The Connecticut Department of Energy and Environmental Protection (DEEP) and the Closed Loop Fund (CLF) today unveiled an historic statewide, public-private partnership targeting a $5 million investment in recycling infrastructure in Connecticut in 2018. This statewide program follows Closed Loop Fund’s successful investment in Waterbury, CT in 2017.
“In challenging budgetary times, public-private partnerships such as this one assist DEEP in meeting our mission of protecting Connecticut's environment,” said DEEP Commissioner Rob Klee. “One of the easier things individuals can do to help our planet is to recycle, and these funds will go a long way towards increasing recycling rates across our state. We are grateful to the Closed Loop Fund for their assistance in putting Connecticut at the forefront of recycling efforts nationwide.”
CLF invests in municipalities and private companies developing new technologies aimed at eliminating packaging waste; or the development of new or improved recycling technologies for projects designed to improve recycling rates, increase demand for products made from recycled content, and grow existing markets and create new markets for recycled material for which conventional sources of funding are unavailable. In April 2017, CLF released a case study detailing the success of a partnership with and a $10.75 million investment in new infrastructure in municipalities in Scott County, Iowa — less than a year into the partnership, Scott County saw a 61 percent increase in recycling and generated $100,000 in savings and revenue.
CLF’s first partnership in Connecticut began in Waterbury in 2017 in an effort to increase the city’s recycling rate from 6 percent to 25 percent in three years. CLF financed the purchase of recycling trucks as well as 95-gallon recycling containers for every household in the city. Early returns show that Waterbury’s recycling rate doubled in the first month of the new program.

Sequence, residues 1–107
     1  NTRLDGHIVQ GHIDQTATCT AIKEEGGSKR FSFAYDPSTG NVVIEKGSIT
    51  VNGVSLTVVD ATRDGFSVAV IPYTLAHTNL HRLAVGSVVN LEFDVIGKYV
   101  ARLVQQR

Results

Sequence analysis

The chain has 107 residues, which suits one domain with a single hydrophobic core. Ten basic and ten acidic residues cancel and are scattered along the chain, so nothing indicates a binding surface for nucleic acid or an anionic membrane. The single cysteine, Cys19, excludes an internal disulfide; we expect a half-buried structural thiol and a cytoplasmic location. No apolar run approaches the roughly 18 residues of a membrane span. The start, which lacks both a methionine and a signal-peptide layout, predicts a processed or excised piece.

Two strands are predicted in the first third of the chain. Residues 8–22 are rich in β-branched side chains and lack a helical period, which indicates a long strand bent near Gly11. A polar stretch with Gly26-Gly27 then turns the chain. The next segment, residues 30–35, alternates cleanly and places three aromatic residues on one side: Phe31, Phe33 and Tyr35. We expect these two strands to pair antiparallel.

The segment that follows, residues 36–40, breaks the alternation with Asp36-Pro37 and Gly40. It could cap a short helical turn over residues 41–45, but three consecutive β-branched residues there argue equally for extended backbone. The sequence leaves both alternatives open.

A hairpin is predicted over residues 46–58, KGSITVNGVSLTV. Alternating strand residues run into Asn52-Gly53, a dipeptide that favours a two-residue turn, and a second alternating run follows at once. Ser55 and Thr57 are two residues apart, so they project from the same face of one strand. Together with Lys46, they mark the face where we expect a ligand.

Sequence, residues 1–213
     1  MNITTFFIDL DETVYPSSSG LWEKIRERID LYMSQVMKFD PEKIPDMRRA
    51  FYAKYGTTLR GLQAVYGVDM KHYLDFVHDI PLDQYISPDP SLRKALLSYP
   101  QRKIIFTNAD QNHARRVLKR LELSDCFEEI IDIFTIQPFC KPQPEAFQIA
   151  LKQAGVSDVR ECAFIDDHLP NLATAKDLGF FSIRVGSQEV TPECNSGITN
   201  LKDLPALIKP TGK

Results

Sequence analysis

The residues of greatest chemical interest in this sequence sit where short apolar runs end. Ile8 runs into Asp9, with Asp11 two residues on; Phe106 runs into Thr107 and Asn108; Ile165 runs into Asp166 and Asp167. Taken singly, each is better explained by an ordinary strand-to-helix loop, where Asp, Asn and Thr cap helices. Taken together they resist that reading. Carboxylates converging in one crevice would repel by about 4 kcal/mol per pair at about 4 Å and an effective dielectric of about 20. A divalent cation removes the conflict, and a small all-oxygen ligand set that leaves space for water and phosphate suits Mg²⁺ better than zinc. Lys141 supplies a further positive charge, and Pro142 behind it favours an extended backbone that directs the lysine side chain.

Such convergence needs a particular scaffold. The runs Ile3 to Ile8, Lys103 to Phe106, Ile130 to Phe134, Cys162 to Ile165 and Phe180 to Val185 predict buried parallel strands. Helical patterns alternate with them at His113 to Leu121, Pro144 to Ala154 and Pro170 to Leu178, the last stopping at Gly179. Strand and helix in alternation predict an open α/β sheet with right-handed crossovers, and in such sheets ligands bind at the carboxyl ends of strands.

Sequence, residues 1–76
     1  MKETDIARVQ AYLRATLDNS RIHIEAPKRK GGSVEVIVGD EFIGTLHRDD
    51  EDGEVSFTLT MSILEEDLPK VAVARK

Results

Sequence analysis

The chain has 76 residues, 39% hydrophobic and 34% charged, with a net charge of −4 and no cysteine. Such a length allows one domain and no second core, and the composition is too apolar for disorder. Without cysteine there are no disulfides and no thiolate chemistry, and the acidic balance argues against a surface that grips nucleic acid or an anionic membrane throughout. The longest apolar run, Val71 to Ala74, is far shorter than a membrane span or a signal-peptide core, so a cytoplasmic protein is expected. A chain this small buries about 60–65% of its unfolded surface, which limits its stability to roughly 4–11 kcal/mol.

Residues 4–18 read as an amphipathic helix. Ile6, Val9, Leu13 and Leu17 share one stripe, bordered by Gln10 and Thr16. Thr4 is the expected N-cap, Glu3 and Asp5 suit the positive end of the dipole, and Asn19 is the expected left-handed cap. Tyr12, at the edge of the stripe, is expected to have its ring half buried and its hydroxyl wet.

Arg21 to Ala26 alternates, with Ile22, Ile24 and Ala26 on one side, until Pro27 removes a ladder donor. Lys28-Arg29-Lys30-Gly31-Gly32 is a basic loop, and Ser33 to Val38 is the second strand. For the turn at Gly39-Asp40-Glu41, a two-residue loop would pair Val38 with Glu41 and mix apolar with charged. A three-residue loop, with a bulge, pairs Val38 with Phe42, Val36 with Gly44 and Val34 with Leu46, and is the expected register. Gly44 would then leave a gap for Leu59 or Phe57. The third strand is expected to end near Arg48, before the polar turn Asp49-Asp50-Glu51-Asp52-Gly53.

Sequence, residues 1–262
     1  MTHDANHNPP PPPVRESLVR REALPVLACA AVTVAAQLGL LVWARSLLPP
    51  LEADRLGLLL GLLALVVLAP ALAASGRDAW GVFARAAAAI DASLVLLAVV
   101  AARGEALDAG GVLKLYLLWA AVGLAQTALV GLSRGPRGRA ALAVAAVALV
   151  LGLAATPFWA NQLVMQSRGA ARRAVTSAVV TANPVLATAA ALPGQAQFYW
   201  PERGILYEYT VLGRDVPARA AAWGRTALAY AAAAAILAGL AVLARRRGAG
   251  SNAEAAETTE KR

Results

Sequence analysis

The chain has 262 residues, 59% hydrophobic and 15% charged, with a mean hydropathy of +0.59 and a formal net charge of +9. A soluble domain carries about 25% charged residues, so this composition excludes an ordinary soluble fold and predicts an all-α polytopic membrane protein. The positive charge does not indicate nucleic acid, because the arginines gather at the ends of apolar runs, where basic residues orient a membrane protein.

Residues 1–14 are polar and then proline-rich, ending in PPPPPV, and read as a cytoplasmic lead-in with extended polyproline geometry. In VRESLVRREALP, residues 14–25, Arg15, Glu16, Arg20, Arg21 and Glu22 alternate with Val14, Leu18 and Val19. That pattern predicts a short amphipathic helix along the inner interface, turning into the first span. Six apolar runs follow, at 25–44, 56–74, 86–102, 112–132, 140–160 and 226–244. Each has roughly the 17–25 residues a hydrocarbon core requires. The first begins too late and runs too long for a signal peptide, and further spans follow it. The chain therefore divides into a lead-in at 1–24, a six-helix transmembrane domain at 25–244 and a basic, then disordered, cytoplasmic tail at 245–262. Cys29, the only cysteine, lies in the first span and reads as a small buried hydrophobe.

The continued evolution of circularity
Hear about the latest progress in advancing a global circular economy from practitioners and experts in a variety of industries — at SB'20 Long Beach.
The latest investment will come in the form of 0 percent loans to municipalities and below-market loans to private companies with substantial business operations in Connecticut. DEEP will assist in the identification and initial due diligence screening for applicants. Closed Loop Fund will make the final evaluation on funding projects.
CLF aims to invest $100 million by 2020 with the goal to create economic value for cities by increasing recycling rates in communities across America, bringing together the world’s largest consumer product, retail and financial companies committed to finding a national solution to divert waste from landfills into the recycling stream, for reuse in the manufacturing supply chain. Key supporters include 3M, Coca-Cola, Colgate-Palmolive, Goldman Sachs, Johnson & Johnson, Keurig Green Mountain, Nestlé Waters North America, PepsiCo, Procter & Gamble, Unilever and Walmart.
“Nestlé Waters North America is proud to be a partner of the Closed Loop Fund,” said Nelson Switzer, Chief Sustainability Officer at Nestlé Waters North America. “We must close the recycling gap in the United States if the transition to the circular economy is going to become a reality. This new $5 million commitment in our home state of Connecticut is the type of investment necessary to improve recycling rates, and better ensure that recyclable commodities are captured and reused. This type of investment can also create jobs while preserving and conserving the environment.”
In addition to its work with municipalities, Closed Loop Partners is also leading projects such as the Closed Loop Ocean initiative, which seeks to develop a new funding mechanism to prevent plastic from leaking into the world’s oceans.